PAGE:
Doctor of Philosophy, University of Virginia, Biomedical Engineering (2018)
Bachelor of Science, University of California, Berkeley, Bioengineering (2013)
The ability of cells to orient in response to mechanical stimuli is essential to embryonic development, cell migration, mechanotransduction, and other critical physiologic functions in a range of organs. Endothelial cells, fibroblasts, mesenchymal stem cells, and osteoblasts all orient perpendicular to an applied cyclic stretch when plated on stretchable elastic substrates, suggesting a common underlying mechanism. However, many of these same cells orient parallel to stretch in vivo and in 3D culture, and a compelling explanation for the different orientation responses in 2D and 3D has remained elusive. Here, we conducted a series of experiments designed specifically to test the hypothesis that differences in strains transverse to the primary loading direction give rise to the different alignment patterns observed in 2D and 3D cyclic stretch experiments ("strain avoidance"). We found that, in static or low-frequency stretch conditions, cell alignment in fibroblast-populated collagen gels correlated with the presence or absence of a restraining boundary condition rather than with compaction strains. Cyclic stretch could induce perpendicular alignment in 3D culture but only at frequencies an order of magnitude greater than reported to induce perpendicular alignment in 2D. We modified a published model of stress fiber dynamics and were able to reproduce our experimental findings across all conditions tested as well as published data from 2D cyclic stretch experiments. These experimental and model results suggest an explanation for the apparently contradictory alignment responses of cells subjected to cyclic stretch on 2D membranes and in 3D gels.
View details for DOI 10.1073/pnas.1715059115
View details for Web of Science ID 000423728800055
View details for PubMedID 29343646
View details for PubMedCentralID PMC5798351
Mechanical stimulation of the healing tendon is thought to regulate scar anisotropy and strength and is relatively easy to modulate through physical therapy. However, in vivo studies of various loading protocols in animal models have produced mixed results. To integrate and better understand the available data, we developed a multiscale model of rat Achilles tendon healing that incorporates the effect of changes in the mechanical environment on fibroblast behavior, collagen deposition, and scar formation. We modified an OpenSim model of the rat right hindlimb to estimate physiologic strains in the lateral/medial gastrocnemius and soleus musculo-tendon units during loading and unloading conditions. We used the tendon strains as inputs to a thermodynamic model of stress fiber dynamics that predicts fibroblast alignment, and to determine local collagen synthesis rates according to a response curve derived from in vitro studies. We then used an agent-based model (ABM) of scar formation to integrate these cell-level responses and predict tissue-level collagen alignment and content. We compared our model predictions to experimental data from ten different studies. We found that a single set of cellular response curves can explain features of observed tendon healing across a wide array of reported experiments in rats-including the paradoxical finding that repairing transected tendon reverses the effect of loading on alignment-without fitting model parameters to any data from those experiments. The key to these successful predictions was simulating the specific loading and surgical protocols to predict tissue-level strains, which then guided cellular behaviors according to response curves based on in vitro experiments. Our model results provide a potential explanation for the highly variable responses to mechanical loading reported in the tendon healing literature and may be useful in guiding the design of future experiments and interventions.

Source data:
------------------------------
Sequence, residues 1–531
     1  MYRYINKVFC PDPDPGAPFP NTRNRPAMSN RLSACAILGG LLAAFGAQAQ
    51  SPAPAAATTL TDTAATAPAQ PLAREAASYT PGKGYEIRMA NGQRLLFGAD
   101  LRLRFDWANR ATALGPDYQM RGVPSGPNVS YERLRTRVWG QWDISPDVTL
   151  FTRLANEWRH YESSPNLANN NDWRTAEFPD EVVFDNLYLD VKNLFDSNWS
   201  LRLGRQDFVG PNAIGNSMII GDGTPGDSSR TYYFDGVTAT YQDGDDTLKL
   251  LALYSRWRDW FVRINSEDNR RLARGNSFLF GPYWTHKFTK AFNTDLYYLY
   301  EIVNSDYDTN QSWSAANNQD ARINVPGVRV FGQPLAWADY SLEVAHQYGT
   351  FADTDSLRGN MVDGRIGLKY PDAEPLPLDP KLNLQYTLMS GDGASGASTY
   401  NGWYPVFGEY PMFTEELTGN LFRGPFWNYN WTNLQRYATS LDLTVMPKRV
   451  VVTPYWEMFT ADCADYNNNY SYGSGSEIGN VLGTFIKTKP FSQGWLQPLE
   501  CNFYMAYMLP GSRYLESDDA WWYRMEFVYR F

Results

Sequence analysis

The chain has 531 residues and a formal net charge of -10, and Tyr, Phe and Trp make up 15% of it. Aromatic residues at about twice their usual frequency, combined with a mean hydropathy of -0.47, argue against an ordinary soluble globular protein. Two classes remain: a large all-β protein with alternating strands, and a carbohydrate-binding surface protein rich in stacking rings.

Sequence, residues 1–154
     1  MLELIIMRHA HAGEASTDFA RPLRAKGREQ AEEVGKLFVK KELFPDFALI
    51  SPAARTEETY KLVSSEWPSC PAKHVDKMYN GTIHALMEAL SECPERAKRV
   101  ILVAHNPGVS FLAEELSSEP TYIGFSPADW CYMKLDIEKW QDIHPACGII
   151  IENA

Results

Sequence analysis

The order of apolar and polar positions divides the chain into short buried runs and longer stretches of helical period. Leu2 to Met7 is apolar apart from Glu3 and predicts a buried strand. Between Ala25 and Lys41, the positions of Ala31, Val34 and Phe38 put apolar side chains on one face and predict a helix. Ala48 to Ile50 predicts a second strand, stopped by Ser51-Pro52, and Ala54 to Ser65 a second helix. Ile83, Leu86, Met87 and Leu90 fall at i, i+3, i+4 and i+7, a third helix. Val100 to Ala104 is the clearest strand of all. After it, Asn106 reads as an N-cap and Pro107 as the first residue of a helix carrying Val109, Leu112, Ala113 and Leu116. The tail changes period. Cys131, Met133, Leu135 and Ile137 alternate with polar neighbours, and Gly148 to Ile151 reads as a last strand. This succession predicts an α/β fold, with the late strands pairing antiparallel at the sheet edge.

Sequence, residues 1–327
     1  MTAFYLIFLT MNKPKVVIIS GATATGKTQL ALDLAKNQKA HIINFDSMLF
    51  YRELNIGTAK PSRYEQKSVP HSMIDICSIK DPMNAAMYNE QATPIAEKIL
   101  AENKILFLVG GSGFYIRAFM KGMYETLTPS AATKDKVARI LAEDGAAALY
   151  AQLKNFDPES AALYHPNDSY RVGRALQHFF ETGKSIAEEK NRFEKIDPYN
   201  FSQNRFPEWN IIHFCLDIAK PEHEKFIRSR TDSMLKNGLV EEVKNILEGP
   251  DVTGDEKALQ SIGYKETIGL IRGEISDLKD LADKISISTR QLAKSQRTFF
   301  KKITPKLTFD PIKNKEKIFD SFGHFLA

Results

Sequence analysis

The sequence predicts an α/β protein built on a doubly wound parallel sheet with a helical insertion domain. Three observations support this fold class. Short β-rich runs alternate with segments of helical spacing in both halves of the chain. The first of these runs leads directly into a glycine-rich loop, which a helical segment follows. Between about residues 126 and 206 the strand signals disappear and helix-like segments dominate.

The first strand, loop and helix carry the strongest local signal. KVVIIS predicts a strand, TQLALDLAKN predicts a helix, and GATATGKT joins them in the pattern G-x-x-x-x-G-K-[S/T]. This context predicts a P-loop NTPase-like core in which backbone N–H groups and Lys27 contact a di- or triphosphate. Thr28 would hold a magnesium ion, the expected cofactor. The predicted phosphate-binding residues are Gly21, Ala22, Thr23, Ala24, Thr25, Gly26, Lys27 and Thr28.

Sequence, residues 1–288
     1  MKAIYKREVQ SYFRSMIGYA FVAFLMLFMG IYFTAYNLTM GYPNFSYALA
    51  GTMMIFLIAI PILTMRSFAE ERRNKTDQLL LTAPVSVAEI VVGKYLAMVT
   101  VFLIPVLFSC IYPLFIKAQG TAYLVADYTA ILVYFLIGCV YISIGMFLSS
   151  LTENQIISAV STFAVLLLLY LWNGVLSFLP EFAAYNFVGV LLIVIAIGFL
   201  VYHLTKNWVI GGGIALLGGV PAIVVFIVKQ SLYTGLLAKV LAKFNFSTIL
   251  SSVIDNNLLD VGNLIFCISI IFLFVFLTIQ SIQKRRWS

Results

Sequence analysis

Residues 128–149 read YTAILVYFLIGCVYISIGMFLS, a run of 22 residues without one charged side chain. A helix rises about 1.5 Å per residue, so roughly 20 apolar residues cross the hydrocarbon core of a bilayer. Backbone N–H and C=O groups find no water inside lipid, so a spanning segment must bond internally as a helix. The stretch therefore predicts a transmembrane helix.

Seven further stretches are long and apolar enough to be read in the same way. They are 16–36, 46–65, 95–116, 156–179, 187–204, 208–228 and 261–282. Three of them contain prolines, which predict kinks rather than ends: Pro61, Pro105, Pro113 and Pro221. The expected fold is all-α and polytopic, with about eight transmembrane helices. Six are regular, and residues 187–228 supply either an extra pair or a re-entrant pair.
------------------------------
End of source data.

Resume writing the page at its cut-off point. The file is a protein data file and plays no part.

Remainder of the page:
View details for DOI 10.1371/journal.pcbi.1006652
View details for Web of Science ID 000454835100044
View details for PubMedID 30550566
View details for PubMedCentralID PMC6310293